Maui — Four Month Update
This month’s biggest revelation is that, although it’s still sunny and warm each day, the year is actually coming toward an end. In a sudden and panicked realization of this passage of time, I hurriedly prepared my holiday cards and mailed them way too early. This will likely cause some alarm in the recipients.
Below are some tidbits from the last month. I hope that you’re all well and enjoying the march of seasons.
Tropical Halloween: I’ve spent most of my Halloweens in the Northeast and have come to associate it with the change of seasons and colder weather. Here on the south shore of Maui, the days have cooled a little, but only from the low 90s to the mid 80s. The hillside of the crater on the eastside is called ‘up country’ and weather there is milder and wetter. On Halloween weekend, we went ‘up country’ to a farm in Kula to pick-up a pumpkin, have a waffle dog and look at the goats grazing with a view of the ocean below. Our chosen pumpkin now sits in our backyard as a reminder of past Halloweens when raccoons would steal them for dinner or neighborhood kids would swipe them to smash in the street.
Island Formation: As part of my role as a trail steward at Haleakala National Park, I’m learning more about the history of the islands. The islands were all formed by a single hotspot. Hotspots are where magma flows from a puncture in the Earth’s crust. The build-up of hardened lava eventually forms a seamount and then an island. Since the hotspot stays in one place while the Pacific tectonic plate drifts slowly to the northwest, new islands are formed in a line from the northwest (older islands) to the southeast (new islands). In fact, a new island, Loihi, is already forming under the sea. Just in case you were hoping to move to Loihi, you will not be able to buy beachside property for a few thousand more years.
What I Miss: During the month of October, I received lots of texts from friends in New England that included photos of the bright autumn foliage. Looking at the photos, I can almost hear the rustling of the leaves as they’re blown across the trails that Abbey and I once hiked. I also received a reminder to register for the Manchester Road Race. I felt sad about missing out on this Thanksgiving Day tradition that we’ve taken part in for years. Most of all, I miss all the spontaneous chats between workouts and seeing friends on a daily basis.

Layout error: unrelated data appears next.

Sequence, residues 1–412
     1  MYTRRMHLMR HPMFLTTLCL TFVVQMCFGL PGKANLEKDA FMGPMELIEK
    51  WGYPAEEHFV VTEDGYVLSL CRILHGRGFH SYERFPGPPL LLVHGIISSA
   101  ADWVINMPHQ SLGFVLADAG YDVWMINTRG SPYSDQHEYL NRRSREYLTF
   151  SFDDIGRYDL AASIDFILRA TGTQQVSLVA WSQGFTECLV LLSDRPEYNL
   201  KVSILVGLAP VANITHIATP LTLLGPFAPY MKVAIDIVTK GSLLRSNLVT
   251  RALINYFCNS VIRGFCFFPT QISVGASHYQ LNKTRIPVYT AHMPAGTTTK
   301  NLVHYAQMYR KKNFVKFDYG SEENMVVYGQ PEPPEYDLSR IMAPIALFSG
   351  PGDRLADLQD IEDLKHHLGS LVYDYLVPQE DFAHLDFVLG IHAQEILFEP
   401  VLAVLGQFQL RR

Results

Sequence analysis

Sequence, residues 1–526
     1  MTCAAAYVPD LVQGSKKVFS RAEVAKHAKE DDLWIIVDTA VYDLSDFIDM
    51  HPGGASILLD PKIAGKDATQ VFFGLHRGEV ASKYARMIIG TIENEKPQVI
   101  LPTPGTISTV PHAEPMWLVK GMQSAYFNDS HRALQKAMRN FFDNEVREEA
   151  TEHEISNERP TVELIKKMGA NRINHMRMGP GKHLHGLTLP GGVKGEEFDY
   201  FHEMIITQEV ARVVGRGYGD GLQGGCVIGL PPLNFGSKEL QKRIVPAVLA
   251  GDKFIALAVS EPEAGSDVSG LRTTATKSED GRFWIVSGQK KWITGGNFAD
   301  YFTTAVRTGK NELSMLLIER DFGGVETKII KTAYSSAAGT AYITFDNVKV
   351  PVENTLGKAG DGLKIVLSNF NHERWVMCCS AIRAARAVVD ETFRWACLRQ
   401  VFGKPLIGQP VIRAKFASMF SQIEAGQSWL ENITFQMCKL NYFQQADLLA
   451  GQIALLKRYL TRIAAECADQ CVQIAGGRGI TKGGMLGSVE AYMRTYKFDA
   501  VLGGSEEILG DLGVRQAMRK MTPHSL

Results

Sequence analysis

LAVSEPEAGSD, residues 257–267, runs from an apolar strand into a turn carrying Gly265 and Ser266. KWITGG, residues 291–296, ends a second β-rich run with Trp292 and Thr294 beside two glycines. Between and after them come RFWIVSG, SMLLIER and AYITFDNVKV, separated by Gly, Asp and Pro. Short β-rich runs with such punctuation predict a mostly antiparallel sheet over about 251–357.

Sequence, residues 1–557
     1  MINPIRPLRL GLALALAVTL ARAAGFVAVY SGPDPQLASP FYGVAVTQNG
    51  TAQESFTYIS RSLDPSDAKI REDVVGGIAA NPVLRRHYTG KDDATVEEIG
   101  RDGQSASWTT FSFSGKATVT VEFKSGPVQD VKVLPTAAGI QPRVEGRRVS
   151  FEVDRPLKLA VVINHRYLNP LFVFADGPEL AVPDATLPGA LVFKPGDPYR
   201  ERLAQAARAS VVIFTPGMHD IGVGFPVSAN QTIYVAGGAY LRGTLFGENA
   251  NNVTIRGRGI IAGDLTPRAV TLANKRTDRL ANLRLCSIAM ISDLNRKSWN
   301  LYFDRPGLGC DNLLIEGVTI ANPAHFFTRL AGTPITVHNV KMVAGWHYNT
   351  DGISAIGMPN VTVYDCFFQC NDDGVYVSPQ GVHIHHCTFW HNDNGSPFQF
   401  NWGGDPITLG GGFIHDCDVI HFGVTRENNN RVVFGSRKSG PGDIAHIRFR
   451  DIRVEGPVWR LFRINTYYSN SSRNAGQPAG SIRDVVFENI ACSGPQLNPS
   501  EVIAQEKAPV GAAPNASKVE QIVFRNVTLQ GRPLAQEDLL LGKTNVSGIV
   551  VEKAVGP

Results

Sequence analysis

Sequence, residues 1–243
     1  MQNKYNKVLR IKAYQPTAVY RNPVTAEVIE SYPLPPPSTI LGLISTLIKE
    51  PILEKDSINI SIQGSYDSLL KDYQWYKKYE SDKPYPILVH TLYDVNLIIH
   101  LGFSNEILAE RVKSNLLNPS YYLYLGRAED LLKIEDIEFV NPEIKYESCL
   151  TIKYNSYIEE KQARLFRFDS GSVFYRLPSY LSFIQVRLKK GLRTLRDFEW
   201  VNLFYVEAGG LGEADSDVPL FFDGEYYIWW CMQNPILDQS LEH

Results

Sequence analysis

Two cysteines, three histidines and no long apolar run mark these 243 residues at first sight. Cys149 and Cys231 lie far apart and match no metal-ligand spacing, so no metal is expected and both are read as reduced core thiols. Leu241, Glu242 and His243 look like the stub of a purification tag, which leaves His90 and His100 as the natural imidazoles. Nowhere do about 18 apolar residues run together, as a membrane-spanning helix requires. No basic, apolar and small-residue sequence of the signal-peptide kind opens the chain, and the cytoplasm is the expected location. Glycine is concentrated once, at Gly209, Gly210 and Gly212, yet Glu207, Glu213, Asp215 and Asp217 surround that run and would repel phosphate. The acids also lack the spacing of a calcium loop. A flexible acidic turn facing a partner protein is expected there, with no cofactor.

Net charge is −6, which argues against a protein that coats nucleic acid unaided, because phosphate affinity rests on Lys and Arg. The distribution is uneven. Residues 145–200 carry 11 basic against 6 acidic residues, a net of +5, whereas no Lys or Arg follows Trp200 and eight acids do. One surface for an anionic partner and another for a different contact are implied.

What I Don’t Miss: I don’t miss ticks. Definitely not ticks. Also, I won’t miss needing to pull off miraculous recoveries in order to remain upright after an early morning slip on an unseen patch of ice. Most of all, I don’t miss wearing long pants. Shorts life is for me.
Sunrise/Sunset: Hawaii does not observe daylight savings time. This means there is never a dramatic shift in sunrise and sunset times. In addition, Hawaii is much closer to the equator. New York is about 2,800 miles from the equator and Hawaii is just 1,400 miles away. On the longest day in the island, June 22nd, sunrise is 5:20 AM and sunset 6:29 PM. On the shortest day, December 21st, sunrise is 6:57 AM and sunset is 5:49 PM. There’s only about two and a half hours difference between the shortest and longest days. In New York City, the difference in the span of daylight can reach nearly six hours.
Fourth Friday and Made In Maui: On Maui, five of the bigger towns host a ‘party’’ on a different Friday. Our town of Kihei hosts ‘Fourth Friday’ each month. One of the local shopping areas is blocked off to allow about twenty food trucks and dozens of tented booths to be set up. There are also vintage automobiles and live entertainment.
Last weekend, the Made In Maui festival was held at the Maui Arts & Cultural Center. Local artisans gathered to offer their food, drink, arts, crafts and clothing. It was a great opportunity to do some early Christmas shopping and visit the food trucks assembled nearby.
Not So Prime Shipping: I’ve been a long-time Prime member with Amazon and have always enjoyed the option for two-day shipping. I shouldn’t be surprised that Prime to Maui isn’t likely to arrive in two days. Sometimes the packages don’t arrive at all. There are no big malls or outlets here. Most of the shops are small specialty shops and many cater to tourism. On the flipside, I don’t really need much since I’ve worn Life Is Good t-shirts everyday for four months.
Dangerous Paradise: I’d have to say that I appreciate the aloha spirit present on the island. Residents of the island are mostly friendly and warm. As we make our daily rounds, the dog walkers in my area are respectful and careful. Despite being introverted, I’ve made acquaintances when volunteering, at CrossFit and the nearby bike shop where, unfortunately, I’ve been a frequent visitor due to six flat tires.
This ‘paradise’ can have its hazards. Two weeks ago, a couple vacationers drown when swimming in the ocean. The waves are getting much bigger this time of year. This week, a kayaker went missing and has yet to be found. People often worry about sharks, but most of the tragedies here are from misadventures.
That noted, Hawaii has the highest average life expectancy of all states with an average of 80.7 years while Mississippi is lowest at 71.9 years. Maui itself has an average of 83.3 years. So living here isn’t detrimental to the residents. It’s potentially more hazardous to overly adventurous visitors.
When you move to the ‘rainbow state’, you might expect to see more rainbows than just those on the state’s license plates. The first three months were pretty underwhelming. I was starting to think ‘rainbow state’ was a misnomer. Now that we’ve entered into a more rainy time of year, the state is beginning to live up to its claim with rainbows popping up on a regular basis. I have to say, seeing a rainbow is always a nice surprise and never gets old.
Coming up next month: Thanksgiving in Hawaii.
P.S. — Abbey shenanigans…